Conclusively tracking the history of misinformation from the 18th century through today’s anti-immigration policies, The Next Great Migration makes the case for a future in which migration is not a source of fear, but of hope.

    #adaptation #asile #migrations #réfugiés #mobilité #solution #problème #résilience #livre #changement_climatique #climat #réfugiés_environnementaux #migrations_environnementales #histoire #survie #crise #histoire_des_migrations

    ping @isskein @karine4 @_kg_ @reka

    • Climate migration is not a problem. It’s a solution.

      Climate migration is often associated with crisis and catastrophe, but #Sonia_Shah, author of “The Next Great Migration,” wants us to think differently about migration. On The World’s weekly look at climate change solutions, The Big Fix, Shah speaks to host Marco Werman about her reporting that considers how the world would be more resilient if people were given legal safe ways to move.



      Sonia Shah parle aussi de #musique métissée, dont celle de #Mulatu_Astatke, qui n’aurait pas pu voir le jour sans la migrations de populations au cours de l’histoire :


      #immobilité #fermeture_des_frontières

    • Migration as Bio-Resilience : On Sonia Shah’s “The Next Great Migration”

      DURING THE UNUSUALLY frigid winter of 1949, a breeding pair of gray wolves crossed a frozen-over channel onto Michigan’s Isle Royale, a narrow spit of land just south of the US-Canadian maritime border in Lake Superior. Finding abundant prey, including moose, the pair had pups, starting a small lupine clan. Over the next almost 50 years, without access to the mainland, the clan grew increasingly inbred, with over half the wolves developing congenital spinal deformities and serious eye problems. As the wolf population declined — scientists even found one mother dead in her den, with seven unborn pups in her — the moose population came thundering back, gobbling up and trampling the forest’s buds and shoots. The ecosystem’s food chain now had a few broken links.

      The Isle Royale wolf population was saved, however, by a lone migrant. In 1997, a male wolf made his way to the island. Within a generation — wolf generations are a little less than five years — 56 percent of the young wolves carried the newcomer’s genes. In the years since, thanks to ongoing conservation efforts, more wolves have been brought to the island to provide enough genetic diversity not only to save the wolves but preserve the ecosystem’s new balance.

      This is just one of many examples of the bio-benefits of migratory species provided by Sonia Shah in her new book, The Next Great Migration. Hers is an original take on the oft-stultifying debate about immigration, most frequently argued over by unbending stalwarts on opposite extremes, or sometimes quibbled over by noncommittal centrists. There are now more displaced humans than ever — around one percent of the total human population — and the climate crises together with humanity’s ceaseless creep are driving an increasing number of nonhuman species to search for more welcoming climes. That half of the story is popularly understood: the world is on the move. What is less often acknowledged, and what Shah convincingly fills out, is its biological necessity. “Migration’s ecological function extends beyond the survival of the migrant itself,” she writes. “Wild migrants build the botanical scaffolding of entire ecosystems.” Besides spreading pollen and seeds — upon which the survival of many plants depend — migrants also transport genes, thus bringing genetic diversity. Migration is not only a human fact but a biological one.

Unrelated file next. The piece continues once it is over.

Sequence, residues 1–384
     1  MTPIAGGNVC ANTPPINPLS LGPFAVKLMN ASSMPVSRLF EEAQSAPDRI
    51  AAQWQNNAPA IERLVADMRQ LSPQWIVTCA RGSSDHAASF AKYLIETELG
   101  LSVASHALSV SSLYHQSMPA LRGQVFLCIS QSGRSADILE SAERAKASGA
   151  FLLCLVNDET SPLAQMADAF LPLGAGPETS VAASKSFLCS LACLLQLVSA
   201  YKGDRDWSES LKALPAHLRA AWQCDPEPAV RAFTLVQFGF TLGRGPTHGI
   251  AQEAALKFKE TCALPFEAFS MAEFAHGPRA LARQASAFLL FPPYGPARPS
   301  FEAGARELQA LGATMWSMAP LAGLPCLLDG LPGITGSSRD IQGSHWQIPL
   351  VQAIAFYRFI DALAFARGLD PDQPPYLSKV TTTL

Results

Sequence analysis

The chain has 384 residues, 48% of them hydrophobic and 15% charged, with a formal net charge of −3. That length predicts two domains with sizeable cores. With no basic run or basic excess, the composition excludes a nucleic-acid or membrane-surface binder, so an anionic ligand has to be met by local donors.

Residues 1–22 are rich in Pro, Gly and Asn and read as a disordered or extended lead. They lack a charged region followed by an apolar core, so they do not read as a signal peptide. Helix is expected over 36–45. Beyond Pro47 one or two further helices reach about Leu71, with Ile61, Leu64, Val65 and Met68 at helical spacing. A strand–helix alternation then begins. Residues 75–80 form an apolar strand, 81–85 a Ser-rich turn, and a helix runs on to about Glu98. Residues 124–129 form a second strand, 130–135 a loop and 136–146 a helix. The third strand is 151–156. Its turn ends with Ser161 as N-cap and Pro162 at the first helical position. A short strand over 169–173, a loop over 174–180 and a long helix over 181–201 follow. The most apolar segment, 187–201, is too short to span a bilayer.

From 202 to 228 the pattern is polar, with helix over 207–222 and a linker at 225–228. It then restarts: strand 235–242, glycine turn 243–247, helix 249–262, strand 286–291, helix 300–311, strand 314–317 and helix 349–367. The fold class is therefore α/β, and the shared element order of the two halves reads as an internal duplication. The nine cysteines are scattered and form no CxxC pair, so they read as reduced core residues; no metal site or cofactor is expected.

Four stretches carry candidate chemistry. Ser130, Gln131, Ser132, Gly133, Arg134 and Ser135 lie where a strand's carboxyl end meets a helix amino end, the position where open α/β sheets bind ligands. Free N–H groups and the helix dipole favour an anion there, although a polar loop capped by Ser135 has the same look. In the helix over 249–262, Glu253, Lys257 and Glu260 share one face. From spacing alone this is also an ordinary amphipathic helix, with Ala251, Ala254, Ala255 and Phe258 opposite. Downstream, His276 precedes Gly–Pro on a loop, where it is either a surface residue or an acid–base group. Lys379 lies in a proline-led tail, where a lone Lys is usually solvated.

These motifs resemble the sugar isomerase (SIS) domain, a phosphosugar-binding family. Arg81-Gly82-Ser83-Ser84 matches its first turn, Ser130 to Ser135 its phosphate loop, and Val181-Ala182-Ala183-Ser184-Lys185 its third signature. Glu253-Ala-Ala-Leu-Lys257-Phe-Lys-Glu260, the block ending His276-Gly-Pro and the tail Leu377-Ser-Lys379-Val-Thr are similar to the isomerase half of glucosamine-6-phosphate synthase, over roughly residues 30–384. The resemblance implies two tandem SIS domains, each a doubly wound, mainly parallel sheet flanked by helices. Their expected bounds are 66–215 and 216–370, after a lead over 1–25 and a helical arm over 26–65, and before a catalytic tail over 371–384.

But the understanding of migration’s critical import — whether broadly biological or specifically human — has been a long time coming.

      “The idea that certain people and species belong in certain fixed places has had a long history in Western culture,” Shah writes. By its logic, “migration is by necessity a catastrophe, because it violates the natural order.” The so-called “natural order” is actually a construct that has been buoyed for millennia by a broad coalition of scientists, politicians, and other ideologically inflected cavillers. As for the word “migrant,” it didn’t even appear in the English language until the 17th century — when it was coined by Thomas Browne — and it took another hundred years before it was applied to humans. One important migrant-denialist, as Shah details, was Swedish-born naturalist Carl Linnaeus, most famous for formalizing binomial nomenclature, the modern system of classifying organisms as, say, Canis lupus or Homo sapiens.